1 lemon 1 1/2 tbls. olive oil
1 1/2 tbls. honey 4 tsp. Lamb Seasoning
12 oz. cubed lamb fillet 1 diced red pepper
18 dried apricots
Cut the lemon in half and squeeze the juice from one half. Cut the remaining half into 6-8 pieces. Blend the lemon juice, oil, honey and Lamb Seasoning in a large bowl. Stir in the lamb, pepper and lemon pieces. Marinate for 1-2 hours in the refrigerator.
When ready to grill, alternate pieces onto 4 skewers. Place on barbecue and for 10-15 minutes, turning from time to time and basting with remaining ingredients.
1 bunch scallions, sliced into 1-inch strips
1 head red cabbage, shredded
1 cup mayonnaise
1 tablespoon brown sugar
2 tablespoons sesame oil
Ground black pepper
1 cup peanuts
In a large bowl, mix the cabbage and scallions with the mayonnaise, sugar, and hot oil and seasoning.
Refrigerator 3-4 hours or overnight. Add in the peanuts before serving.
When I first saw this month's meal, I drew a blank. I was sure I would have a problem picking wine. Fortunately, it really isn't that hard.
Lamb has a gamey quality, a strong flavor that will be even more in evidence if you grill the meat. Since that is what we will be doing here, in kebobs that will bring other flavors together, we know where we stand. We need a wine that will hold its own here.
All that means red wine to me, and generally a dry red. Lamb seems to have advocates for Cabernet Sauvignon and Merlot, for Pinot Noir and Syrah, for American Meritage, Australian Shiraz, and Spanish Rioja Riserva. Few favor whites, but Rieslings are sometimes mentioned.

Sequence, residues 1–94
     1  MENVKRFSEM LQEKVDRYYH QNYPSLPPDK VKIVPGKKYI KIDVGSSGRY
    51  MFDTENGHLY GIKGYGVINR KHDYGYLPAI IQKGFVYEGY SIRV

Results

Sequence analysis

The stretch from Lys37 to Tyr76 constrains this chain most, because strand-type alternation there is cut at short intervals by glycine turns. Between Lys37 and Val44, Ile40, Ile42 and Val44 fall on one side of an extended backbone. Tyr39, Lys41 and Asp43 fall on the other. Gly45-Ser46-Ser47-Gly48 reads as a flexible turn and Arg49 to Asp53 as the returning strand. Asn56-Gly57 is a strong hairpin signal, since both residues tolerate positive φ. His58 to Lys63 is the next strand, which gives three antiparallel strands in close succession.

Armed with that feeling, I checked to see what we had in-house. I was amazed some of the many choices I found:
2001 Domaine de St. Antoine Syrah
2003 Big Creek Chambourcin
2002 Rosemount Shiraz
2001 Hopewell Valley Rosso della Valle
2001 Di Majo Norante Sangiovese
The Shiraz is a well-known Australian import, widely available. The Di Majo Norante is a great value in an Italian table wine we like to keep around the house. The Syrah is a French wine, the last survivor of a half-case I bought for a party.
Big Creek is a Pennsylvania winery, and Chambourcin is a French hybrid grape gaining popularity among eastern American wineries for its adaptability to the climate. The Rosso della Valle is made from both Cabernet Sauvignon and Chambourcin at a New Jersey winery. You will have trouble finding these specific wines if you do not visit the wineries, but they are an example of the pleasant surprises touring wineries can bring to you.
Nowhere above do you see a Pinot Noir, a Cabernet, or a Merlot. All will work, but I did not want to match the few I had with this meal. So I went shopping. On the way, I decided to look for a Merlot. With the Merlot-to-Pinot Noir shift in full swing, I was sure there would be plenty available.
I was right. Row after row of pretty labels confronted me. Notes suggested this one or that. I fell back on an old stand-by: Columbia Crest Merlot Columbia Valley, a reasonably priced benchmark wine.
I still haven't decided which one I'll serve. At the moment I think it will be the Rosso della Valle. But the good news here is that I believe all of these will work with the meal.
Last modified: March 10, 2007